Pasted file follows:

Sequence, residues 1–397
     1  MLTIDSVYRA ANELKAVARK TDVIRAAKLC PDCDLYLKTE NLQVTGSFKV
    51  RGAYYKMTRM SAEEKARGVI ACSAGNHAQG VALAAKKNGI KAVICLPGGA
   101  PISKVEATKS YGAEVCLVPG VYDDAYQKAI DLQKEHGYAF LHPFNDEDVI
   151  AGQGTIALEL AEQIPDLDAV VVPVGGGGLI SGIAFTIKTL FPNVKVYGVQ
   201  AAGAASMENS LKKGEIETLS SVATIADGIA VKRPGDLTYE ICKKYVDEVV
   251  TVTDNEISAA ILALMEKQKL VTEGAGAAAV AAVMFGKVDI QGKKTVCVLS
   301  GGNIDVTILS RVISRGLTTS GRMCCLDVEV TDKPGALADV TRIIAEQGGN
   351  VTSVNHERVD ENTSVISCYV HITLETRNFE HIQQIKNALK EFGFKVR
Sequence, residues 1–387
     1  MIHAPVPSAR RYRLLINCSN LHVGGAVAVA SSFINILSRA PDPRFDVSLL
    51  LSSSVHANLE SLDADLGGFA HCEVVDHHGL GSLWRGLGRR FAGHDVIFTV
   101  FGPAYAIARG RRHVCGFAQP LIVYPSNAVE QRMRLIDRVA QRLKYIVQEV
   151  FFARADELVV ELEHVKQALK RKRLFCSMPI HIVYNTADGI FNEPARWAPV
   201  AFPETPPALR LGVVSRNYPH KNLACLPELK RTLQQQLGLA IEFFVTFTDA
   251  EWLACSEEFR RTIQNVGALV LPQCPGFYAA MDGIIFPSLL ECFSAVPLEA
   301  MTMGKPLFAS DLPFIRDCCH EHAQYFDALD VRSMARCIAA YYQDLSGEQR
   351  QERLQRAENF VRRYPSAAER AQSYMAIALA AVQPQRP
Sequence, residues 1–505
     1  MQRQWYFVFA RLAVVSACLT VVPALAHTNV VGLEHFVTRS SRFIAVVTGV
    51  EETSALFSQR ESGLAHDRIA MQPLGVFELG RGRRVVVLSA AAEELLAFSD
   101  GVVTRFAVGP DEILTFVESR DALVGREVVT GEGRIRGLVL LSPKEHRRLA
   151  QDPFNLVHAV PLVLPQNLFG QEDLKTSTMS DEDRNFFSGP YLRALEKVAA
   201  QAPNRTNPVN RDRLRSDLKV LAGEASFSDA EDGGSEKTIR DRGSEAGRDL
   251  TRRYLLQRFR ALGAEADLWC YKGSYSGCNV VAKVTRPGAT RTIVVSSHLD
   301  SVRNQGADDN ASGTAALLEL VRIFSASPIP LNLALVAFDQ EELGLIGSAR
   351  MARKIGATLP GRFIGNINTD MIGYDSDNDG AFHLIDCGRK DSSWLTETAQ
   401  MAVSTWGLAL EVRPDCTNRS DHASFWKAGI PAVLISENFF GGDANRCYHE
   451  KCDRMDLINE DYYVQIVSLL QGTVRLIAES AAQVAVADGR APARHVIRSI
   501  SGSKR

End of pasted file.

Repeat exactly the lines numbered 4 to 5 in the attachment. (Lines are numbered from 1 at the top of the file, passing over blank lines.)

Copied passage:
   101  PISKVEATKS YGAEVCLVPG VYDDAYQKAI DLQKEHGYAF LHPFNDEDVI
   151  AGQGTIALEL AEQIPDLDAV VVPVGGGGLI SGIAFTIKTL FPNVKVYGVQ